Water and Kidney Function in Chameleons

Because reptile kidneys lack a structure termed the loop of Henle, urine cannot be concentrated when water intake is low or water loss high. Instead, complete kidney units - termed nephrons -- shut down in succession until water balance is restored. Urine is resorbed from the distal tubules (under control of vasotocin), cloaca, and bladder. The dynamics relate to many factors, including status of potassium and sodium, acid-base balance, metabolic rate, and corticosteroid (stress) levels.

Dehydration - Chameleons become dehydrated for the same reasons as they become hypohydrated; the difference is one of degrees, clinical signs, and prognosis. Re-establishment of kidney (individual nephron) function depends on circulating corticosteroids (and other factors), and may fail in those chameleons suffering chronic stress. Less than optimal body temperature lowers metabolic rate, which in turn lowers glomerular filtration rate and inhibits re-establishment of functional glomeruli. Fast and accurate treatment of dehydration is thus critical. If oral fluids fail to correct the problem, intracoelomic or intraosseous fluids should be considered.

Dehydrated reptiles exhibit sunken eyes, dry loose skinfolds, depression and anorexia (see figure).

Photo Legend: Note the sunken eye in this severely dehydrated veiled chameleon. A look into his mouth would show stringy mucous and dry membranes. This chameleon became dehydrated secondary to a disease that prevented adequate drinking. Photo by the author.


Water needs are based on metabolic rate (see my first column, March 2002). Once you have a weight on your chameleon, you can look up its metabolic rate from my charts. The charts give "calories per day". A useful approximation is that 1 (one) ml (cc) of water is needed for every calorie. If your chameleon needs, for example, 8 calories daily, it will be drinking about 8 ml daily. Another way to estimate water intake is to use an empirical equation of 10 to 30 ml/kg body weight.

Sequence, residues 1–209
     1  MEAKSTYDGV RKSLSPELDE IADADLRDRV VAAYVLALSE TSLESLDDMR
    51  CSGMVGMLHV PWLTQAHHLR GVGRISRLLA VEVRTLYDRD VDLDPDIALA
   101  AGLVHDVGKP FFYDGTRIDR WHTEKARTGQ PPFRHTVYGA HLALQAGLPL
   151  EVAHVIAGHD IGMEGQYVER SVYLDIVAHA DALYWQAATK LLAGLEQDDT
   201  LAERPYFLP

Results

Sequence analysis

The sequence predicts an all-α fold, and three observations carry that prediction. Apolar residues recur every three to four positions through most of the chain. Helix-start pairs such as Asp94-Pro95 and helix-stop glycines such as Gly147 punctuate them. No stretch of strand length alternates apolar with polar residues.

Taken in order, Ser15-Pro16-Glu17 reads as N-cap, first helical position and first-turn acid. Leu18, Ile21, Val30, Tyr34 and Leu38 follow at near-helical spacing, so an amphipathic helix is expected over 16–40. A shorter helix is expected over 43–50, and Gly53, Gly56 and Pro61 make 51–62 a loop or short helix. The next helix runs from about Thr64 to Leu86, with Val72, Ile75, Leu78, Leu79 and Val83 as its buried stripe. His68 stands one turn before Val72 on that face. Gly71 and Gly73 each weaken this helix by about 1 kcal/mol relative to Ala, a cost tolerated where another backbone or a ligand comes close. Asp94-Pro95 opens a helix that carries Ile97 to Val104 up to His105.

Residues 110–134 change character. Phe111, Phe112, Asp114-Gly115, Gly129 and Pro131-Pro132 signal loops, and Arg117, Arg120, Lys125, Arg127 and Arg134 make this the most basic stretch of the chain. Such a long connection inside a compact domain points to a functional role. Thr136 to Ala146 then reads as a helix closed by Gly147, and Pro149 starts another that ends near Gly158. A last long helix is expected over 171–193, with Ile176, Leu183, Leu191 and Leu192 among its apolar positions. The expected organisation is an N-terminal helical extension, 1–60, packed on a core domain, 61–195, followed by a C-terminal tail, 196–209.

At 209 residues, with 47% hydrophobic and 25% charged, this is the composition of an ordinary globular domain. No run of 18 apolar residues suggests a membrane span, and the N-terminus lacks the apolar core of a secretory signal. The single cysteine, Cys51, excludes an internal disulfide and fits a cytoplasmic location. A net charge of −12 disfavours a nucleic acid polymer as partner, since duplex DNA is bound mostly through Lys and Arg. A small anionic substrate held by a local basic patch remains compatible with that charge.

For rehydration by mouth, one can use drinking water in the above dose. Divide the daily dose into many small dosages administered about 2 hours apart. Risks of overdosage are very rare when using this method. If there is any suspicion of electrolyte losses (diarrhea, vomiting, poor food intake, disease), then a product such as Pedialyte is better than plain water. For severe dehydration, intraosseous (within-bone) catheters work well. These can be placed by your veterinarian. Your chameleon will require an overnight hospital stay while fluids are given. Another technique involves giving fluids into the coelomic cavity. All fluids should be warmed prior to dosing.

Future columns will discuss water-related problems such as kidney disease and gout.

Sue Donoghue, DVM, DACVN

Susan Donoghue, VMD, DACVN specializes in the research of herpetological nutrition. She is the founder of Walkabout Farm. She can be reached at

Walkabout Farm

PO Box 625

Pembroke, VA 24136